What are we leaping towards
what wants to push up from cold ground
what wants to open to the sun
what is it that we need to know?
What quiet, steady pulse beats
below the surface
what hope watches from the wings
what light grows broad
upon a patch of ground...
PaganSquare is a community blog space where Pagans can discuss topics relevant to the life and spiritual practice of all Pagans.
There is no set date, no temperature, nor is there a light level at which nature in the Northern hemisphere agrees on spring having arrived. It doesn’t help that freak storms and late frosts are always an option. Do you start early and hope to get ahead or hang on a bit longer in the hopes your precious eggs and shoots aren’t frosted to death?
Tree by tree, bird by bird, each individual makes their own choice about when to push forward into this new cycle of living. The choice to live is the risk of death and failure. At this time of year, there is nothing else. Living is a risky business, but wait too long and the opportunity passes, it is summer already and you have nothing to hatch....
If you pause in darkness what does your body have to tell you? What do your dreams have to tell you? What does the frozen ground have to tell you? What do the spirits of place have to tell you?
What song can only be sung by you?
What emberheart can only be ignited by your breath?
What path have your feet found?
What messages are carved in stone and etched on leaf for your eyes and in your name?
What promise are you keeping?
Time for your light to shine
from within the sheltering dark.
Modern Pagan traditions have the Oak and Holly kings fighting at the summer and winter solstices. It’s a good excuse to evoke some mumming drama and get some chaps to hit each other with bits of wood, and as such is not without merit. But what of the oak and the holly?
Winter is certainly holly’s season. The deciduous trees shed their leaves a month or two ago, so the dark glossy hues of the holly stand out. Red holly berries can be one of the few bright things in a winter environment, still vivid even on gloomy days, and vibrant against backdrops of snow. Holly is certainly King at this time of year, but in practice he’s probably been King since Samhain....
The insanity of the holidays can drive anyone crazy. Getting gifts, arranging to visit with family, work parties, and more. It is a time of the year when you can lose track of the importance of the phase of the year we are in.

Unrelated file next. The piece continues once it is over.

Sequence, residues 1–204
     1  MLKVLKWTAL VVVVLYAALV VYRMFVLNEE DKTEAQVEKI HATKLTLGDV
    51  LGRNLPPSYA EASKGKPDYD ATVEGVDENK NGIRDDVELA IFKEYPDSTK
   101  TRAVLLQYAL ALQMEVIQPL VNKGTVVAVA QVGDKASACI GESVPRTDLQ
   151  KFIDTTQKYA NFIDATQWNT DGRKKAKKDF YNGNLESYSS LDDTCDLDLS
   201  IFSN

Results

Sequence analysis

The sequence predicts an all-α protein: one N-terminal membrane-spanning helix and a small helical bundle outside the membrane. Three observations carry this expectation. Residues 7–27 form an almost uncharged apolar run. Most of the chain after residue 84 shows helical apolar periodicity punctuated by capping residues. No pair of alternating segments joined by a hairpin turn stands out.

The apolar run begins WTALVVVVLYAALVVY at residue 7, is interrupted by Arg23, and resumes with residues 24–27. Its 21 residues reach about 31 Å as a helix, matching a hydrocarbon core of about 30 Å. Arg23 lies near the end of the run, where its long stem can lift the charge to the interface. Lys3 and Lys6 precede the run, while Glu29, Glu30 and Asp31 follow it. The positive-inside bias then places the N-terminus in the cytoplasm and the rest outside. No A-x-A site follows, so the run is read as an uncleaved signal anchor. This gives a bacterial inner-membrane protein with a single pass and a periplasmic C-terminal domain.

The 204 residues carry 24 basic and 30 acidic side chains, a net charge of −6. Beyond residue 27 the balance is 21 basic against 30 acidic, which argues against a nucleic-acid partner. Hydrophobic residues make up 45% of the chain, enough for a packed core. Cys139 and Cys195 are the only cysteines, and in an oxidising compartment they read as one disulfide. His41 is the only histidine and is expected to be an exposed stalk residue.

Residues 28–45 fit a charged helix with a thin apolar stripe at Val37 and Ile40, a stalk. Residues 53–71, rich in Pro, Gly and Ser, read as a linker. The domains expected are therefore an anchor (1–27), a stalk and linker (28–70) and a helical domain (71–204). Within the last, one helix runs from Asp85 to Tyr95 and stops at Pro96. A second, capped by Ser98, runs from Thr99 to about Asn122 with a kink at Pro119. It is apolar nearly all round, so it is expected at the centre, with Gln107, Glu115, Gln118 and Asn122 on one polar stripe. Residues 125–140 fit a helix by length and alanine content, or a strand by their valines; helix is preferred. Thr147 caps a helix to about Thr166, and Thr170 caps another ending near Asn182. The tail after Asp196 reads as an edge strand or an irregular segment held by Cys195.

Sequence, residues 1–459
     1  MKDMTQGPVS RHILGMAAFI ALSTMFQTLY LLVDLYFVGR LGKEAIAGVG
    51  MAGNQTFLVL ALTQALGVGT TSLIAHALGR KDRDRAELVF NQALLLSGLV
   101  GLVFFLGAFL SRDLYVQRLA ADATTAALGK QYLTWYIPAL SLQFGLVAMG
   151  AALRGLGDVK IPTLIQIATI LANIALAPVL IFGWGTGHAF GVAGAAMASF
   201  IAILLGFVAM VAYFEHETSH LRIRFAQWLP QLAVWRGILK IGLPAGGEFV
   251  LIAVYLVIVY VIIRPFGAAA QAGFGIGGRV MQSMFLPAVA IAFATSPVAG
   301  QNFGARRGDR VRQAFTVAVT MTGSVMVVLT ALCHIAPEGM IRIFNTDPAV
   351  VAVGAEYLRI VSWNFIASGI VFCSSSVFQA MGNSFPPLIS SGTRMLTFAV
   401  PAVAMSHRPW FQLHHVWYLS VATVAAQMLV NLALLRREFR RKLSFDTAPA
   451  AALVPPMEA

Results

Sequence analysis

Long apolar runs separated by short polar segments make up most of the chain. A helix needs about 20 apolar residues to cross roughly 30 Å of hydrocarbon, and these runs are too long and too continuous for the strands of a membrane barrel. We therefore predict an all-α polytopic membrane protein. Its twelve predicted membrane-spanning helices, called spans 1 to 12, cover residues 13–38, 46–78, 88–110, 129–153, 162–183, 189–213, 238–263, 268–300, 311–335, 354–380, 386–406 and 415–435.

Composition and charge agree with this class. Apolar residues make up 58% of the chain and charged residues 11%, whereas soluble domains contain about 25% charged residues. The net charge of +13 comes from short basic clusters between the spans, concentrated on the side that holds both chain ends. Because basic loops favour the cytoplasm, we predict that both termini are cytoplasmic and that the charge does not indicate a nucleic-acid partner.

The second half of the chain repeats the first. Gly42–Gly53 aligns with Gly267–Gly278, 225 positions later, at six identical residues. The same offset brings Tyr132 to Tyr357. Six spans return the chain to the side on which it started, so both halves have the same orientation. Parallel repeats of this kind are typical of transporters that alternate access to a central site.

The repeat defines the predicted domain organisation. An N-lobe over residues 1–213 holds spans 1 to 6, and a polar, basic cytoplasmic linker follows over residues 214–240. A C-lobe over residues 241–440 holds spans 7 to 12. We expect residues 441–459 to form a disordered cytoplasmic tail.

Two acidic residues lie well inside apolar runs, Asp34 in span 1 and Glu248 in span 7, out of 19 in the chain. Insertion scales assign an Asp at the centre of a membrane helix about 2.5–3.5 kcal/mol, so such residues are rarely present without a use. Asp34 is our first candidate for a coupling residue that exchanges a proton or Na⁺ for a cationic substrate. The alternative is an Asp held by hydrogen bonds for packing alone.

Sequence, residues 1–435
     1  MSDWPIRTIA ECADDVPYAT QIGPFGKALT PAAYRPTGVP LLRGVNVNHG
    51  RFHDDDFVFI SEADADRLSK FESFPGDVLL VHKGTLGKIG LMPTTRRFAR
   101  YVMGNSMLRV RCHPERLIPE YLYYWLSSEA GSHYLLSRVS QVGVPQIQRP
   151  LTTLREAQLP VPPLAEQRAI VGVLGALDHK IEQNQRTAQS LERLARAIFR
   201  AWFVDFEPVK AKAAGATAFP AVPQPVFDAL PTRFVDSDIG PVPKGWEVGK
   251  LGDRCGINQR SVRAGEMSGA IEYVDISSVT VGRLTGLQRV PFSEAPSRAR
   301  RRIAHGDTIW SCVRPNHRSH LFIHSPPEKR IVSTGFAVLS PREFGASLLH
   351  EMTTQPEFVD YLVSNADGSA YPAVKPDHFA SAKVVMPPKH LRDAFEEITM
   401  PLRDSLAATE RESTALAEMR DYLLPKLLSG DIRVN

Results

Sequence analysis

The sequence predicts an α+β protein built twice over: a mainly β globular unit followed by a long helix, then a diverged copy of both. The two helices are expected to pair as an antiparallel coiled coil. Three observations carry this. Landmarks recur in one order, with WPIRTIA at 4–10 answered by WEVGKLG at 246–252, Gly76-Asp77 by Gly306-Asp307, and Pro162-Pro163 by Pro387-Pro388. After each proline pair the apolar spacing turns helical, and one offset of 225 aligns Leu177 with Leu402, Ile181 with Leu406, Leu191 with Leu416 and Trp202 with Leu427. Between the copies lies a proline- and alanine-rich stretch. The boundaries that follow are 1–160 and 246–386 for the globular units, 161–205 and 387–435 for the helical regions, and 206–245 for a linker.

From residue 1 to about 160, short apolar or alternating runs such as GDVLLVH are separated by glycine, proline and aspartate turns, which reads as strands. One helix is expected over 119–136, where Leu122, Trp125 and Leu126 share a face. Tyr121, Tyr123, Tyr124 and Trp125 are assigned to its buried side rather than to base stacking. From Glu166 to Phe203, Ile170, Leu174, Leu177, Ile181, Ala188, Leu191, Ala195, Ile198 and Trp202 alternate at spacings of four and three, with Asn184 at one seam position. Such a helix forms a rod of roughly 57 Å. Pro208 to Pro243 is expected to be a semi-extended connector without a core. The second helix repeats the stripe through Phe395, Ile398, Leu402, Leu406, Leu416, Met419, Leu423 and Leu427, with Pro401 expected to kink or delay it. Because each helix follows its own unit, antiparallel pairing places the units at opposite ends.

You can find any posting on what to do on Yule, how to decorate your house with all the associations, what food to cook and so on. I don’t do any of it. I find the holidays stressful and unbearable in most years....
Seasonal celebration themes are such a strong focus within the magical and pagans worldview that it can be difficult to see beyond them. I don’t mean to ignore the seasons instead what I am asking is, what is beyond the celebration seasonal cycle? The Seasons are an excellent place to start when you first begin your magical study but having started there it is important to remember that they are not the bee all and end of magical practice....
Rating: PI (Contains Politically Incorrect Language)
There's a whole genre of Minnesota jokes that begin: “Minnesota has two seasons: Winter and....” Winter and Road Repair. Winter and Winter-is-Coming. Occasionally there are variations: “...two seasons: Shovel and Swat.” Whatever one calls its partner, though, Winter is the central fact of existence here in Lake Country. Spring and Fall aren't really seasons in the North; they're occasional delightful visitors, all the more beloved for their poignantly brief stay. Our year really is a bi-seasonal one.
This would have been utterly familiar to the ancestors. The ancient Germanic speakers knew a two-season, Winter-Summer year: etymologically, the “windy” and “sunny” seasons respectively. The great holidays of Proto-Germanic culture were apparently Midwinter and Midsummer, associated even then—between 3000 and 4000 years ago—with the winter and summer sunsteads (solstices). We know that this goes back to the time before the Germanic languages branched off from one another because the terms are preserved in all surviving daughter languages.